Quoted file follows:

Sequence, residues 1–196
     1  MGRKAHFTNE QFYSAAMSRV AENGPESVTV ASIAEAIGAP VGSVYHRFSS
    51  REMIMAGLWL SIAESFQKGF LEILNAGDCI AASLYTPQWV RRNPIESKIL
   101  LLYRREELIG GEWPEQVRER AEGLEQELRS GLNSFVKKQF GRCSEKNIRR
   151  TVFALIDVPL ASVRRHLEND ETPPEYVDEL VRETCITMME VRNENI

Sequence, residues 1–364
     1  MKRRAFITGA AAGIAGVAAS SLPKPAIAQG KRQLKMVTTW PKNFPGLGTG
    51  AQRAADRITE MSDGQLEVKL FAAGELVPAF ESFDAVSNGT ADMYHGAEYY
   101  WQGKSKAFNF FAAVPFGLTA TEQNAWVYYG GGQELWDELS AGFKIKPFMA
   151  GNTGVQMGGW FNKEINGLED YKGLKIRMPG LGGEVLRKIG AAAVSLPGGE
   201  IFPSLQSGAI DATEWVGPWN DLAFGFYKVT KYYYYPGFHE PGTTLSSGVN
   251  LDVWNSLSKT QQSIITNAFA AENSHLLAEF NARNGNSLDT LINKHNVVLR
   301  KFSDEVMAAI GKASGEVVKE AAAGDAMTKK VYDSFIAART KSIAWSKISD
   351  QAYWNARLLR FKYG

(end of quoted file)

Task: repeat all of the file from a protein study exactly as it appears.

Sequence, residues 1–196
     1  MGRKAHFTNE QFYSAAMSRV AENGPESVTV ASIAEAIGAP VGSVYHRFSS
    51  REMIMAGLWL SIAESFQKGF LEILNAGDCI AASLYTPQWV RRNPIESKIL
   101  LLYRREELIG GEWPEQVRER AEGLEQELRS GLNSFVKKQF GRCSEKNIRR
   151  TVFALIDVPL ASVRRHLEND ETPPEYVDEL VRETCITMME VRNENI

Sequence, residues 1–364
     1  MKRRAFITGA AAGIAGVAAS SLPKPAIAQG KRQLKMVTTW PKNFPGLGTG
    51  AQRAADRITE MSDGQLEVKL FAAGELVPAF ESFDAVSNGT ADMYHGAEYY
   101  WQGKSKAFNF FAAVPFGLTA TEQNAWVYYG GGQELWDELS AGFKIKPFMA
   151  GNTGVQMGGW FNKEINGLED YKGLKIRMPG LGGEVLRKIG AAAVSLPGGE
   201  IFPSLQSGAI DATEWVGPWN DLAFGFYKVT KYYYYPGFHE PGTTLSSGVN
   251  LDVWNSLSKT QQSIITNAFA AENSHLLAEF NARNGNSLDT LINKHNVVLR
   301  KFSDEVMAAI GKASGEVVKE AAAGDAMTKK VYDSFIAART KSIAWSKISD
   351  QAYWNARLLR FKYG